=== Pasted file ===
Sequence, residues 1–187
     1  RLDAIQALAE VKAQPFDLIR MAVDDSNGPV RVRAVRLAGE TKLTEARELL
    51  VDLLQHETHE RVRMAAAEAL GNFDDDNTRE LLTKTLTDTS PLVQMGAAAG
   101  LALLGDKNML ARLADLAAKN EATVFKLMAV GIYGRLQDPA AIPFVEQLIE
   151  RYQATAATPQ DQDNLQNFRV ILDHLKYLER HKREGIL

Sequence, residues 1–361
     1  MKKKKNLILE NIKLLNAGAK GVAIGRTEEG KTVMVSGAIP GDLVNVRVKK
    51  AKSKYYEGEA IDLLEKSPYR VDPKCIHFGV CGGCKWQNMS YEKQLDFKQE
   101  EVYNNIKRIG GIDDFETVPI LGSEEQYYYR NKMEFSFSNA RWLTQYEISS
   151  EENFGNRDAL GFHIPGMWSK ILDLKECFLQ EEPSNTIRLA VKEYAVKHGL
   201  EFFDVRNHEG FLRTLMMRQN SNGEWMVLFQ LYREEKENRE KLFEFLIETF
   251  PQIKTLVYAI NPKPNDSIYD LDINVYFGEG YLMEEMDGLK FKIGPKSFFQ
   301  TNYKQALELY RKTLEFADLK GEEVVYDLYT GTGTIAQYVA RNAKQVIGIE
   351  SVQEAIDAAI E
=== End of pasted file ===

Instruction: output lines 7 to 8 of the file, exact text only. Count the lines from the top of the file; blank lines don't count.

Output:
     1  MKKKKNLILE NIKLLNAGAK GVAIGRTEEG KTVMVSGAIP GDLVNVRVKK
    51  AKSKYYEGEA IDLLEKSPYR VDPKCIHFGV CGGCKWQNMS YEKQLDFKQE